Relation Between Left Ventricular Oxygen Consumption and Pressure-Volume Area in Conscious Dogs

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The relation between left ventricular (LV) oxygen consumption (MVo2) and pressure-volume area (PVA) developed in isolated hearts provides a powerful method to understand cardiac energetics. We investigated application of this relation to the intact circulation, determining its response to steady-state and transient load alterations and enhanced contractility in conscious animals.

Methods and Results

Eight dogs were instrumented to measure LV pressure (micromanometer), LV volume (three sonomicrometers), and left circumflex and anterior descending coronary artery flows (ultrasonic flowmeter). Data were acquired after recovery from the surgery with the animals awake and unsedated. After administration of hexamethonium and atropine, steady-state loading conditions were changed with phenylephrine or nitroprusside in four to five steps before and during the infusion of dobutamine (6 to 10 μg−1−1kg. −1min). MVo2 and PVA obtained under steady-state conditions were linearly correlated both before and during dobutamine. The MVo2-PVA relation obtained on a beat-to-beat basis during transient caval occlusion was less linear and not coincident with the steady-state relation. Dobutamine shifted the steadystate MVo2-PVA relation upward in all hearts, increasing the MVo2 axis intercept of the MVo2-PVA relation (P < .01). This intercept correlated with ventricular contractility assessed by the slope (Ees) of the LV end-systolic pressure-volume relation determined by caval occlusion (r = .76, P < .05). The slope of the MVo2-PVA relation increased with dobutamine in seven of eight animals, with the inverse of the slope (representing contractile efficiency) being 31±6% during control and 24±6% after dobutamine (P = .06).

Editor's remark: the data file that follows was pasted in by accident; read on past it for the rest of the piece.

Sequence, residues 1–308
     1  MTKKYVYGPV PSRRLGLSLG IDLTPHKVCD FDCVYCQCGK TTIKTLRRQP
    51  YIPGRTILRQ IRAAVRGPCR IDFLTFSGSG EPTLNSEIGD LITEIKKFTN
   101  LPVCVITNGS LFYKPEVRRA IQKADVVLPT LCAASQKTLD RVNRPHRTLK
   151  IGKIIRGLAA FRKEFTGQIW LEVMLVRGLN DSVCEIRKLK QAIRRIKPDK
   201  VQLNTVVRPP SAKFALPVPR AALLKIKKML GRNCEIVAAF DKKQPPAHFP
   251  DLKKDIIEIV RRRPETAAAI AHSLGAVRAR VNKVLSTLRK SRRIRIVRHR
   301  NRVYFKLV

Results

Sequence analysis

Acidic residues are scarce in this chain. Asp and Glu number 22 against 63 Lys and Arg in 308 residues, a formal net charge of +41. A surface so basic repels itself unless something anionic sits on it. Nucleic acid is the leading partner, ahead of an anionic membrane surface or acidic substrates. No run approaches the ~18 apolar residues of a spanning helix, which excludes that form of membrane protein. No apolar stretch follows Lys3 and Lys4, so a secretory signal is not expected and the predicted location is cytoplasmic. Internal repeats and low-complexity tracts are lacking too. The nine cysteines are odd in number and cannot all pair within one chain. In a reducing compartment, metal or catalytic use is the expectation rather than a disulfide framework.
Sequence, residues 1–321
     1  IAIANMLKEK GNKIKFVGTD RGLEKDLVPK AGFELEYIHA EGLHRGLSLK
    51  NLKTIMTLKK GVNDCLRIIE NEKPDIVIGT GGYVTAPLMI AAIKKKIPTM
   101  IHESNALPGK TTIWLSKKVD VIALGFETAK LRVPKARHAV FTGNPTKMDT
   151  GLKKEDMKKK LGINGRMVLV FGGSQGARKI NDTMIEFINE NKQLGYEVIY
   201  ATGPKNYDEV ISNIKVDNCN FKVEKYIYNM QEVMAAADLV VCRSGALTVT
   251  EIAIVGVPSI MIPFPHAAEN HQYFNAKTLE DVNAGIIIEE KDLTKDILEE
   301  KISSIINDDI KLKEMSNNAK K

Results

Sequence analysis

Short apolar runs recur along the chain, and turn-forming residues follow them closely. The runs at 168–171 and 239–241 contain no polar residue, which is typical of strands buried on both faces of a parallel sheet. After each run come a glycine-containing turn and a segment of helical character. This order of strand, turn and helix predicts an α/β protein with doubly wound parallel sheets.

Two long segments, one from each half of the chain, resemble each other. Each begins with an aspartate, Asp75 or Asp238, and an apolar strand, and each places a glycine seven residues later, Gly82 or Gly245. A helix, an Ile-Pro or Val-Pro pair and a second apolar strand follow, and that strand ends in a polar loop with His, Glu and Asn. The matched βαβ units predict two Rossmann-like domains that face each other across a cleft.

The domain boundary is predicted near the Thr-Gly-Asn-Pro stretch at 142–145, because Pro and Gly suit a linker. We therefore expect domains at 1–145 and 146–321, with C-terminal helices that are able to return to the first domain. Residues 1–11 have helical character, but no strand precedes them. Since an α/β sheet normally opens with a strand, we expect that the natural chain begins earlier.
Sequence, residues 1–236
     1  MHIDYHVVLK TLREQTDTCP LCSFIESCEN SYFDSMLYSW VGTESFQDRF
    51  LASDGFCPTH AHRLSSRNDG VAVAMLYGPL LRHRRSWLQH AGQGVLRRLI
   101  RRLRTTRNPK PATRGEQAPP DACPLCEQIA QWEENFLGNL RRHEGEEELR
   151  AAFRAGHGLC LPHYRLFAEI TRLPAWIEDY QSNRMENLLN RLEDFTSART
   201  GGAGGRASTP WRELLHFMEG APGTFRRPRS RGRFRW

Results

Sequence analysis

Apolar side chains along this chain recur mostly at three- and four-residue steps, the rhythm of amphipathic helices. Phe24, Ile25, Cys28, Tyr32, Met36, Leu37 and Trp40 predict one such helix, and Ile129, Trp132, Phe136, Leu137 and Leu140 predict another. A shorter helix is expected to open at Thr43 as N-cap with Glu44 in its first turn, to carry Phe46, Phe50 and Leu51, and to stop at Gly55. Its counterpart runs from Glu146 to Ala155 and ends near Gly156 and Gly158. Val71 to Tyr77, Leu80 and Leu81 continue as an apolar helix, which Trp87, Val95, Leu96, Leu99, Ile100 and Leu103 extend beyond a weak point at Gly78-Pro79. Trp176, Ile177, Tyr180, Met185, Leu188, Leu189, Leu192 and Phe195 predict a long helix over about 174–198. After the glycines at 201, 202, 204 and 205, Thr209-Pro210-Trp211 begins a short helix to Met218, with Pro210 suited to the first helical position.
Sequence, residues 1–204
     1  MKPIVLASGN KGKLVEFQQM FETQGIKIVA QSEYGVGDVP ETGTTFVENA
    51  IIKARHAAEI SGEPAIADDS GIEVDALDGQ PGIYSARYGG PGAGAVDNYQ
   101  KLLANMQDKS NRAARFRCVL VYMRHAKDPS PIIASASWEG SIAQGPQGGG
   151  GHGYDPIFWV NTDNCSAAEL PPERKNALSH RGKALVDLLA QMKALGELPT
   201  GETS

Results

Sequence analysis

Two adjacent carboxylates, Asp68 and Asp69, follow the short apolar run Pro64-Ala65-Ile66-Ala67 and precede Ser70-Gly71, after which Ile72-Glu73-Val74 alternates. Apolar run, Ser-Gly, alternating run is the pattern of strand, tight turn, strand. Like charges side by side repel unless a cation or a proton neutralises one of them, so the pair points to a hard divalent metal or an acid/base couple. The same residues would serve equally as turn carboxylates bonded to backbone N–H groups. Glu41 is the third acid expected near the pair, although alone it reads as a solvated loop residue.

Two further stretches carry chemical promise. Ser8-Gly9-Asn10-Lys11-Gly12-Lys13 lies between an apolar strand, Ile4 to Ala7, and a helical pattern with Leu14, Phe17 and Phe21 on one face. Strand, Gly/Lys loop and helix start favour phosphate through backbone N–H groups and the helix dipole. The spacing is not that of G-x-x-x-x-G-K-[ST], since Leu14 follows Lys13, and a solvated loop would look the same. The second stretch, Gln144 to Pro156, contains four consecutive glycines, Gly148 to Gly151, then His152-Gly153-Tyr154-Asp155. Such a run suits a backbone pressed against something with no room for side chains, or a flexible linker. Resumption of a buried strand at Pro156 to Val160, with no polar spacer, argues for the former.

MVo2 and PVA are linearly related during steady-state alterations in loading conditions in conscious dogs not on a beat-by-beat basis during transient caval occlusion. Increase in contractility by dobutamine produces an upward shift of the MVo2-PVA relation.

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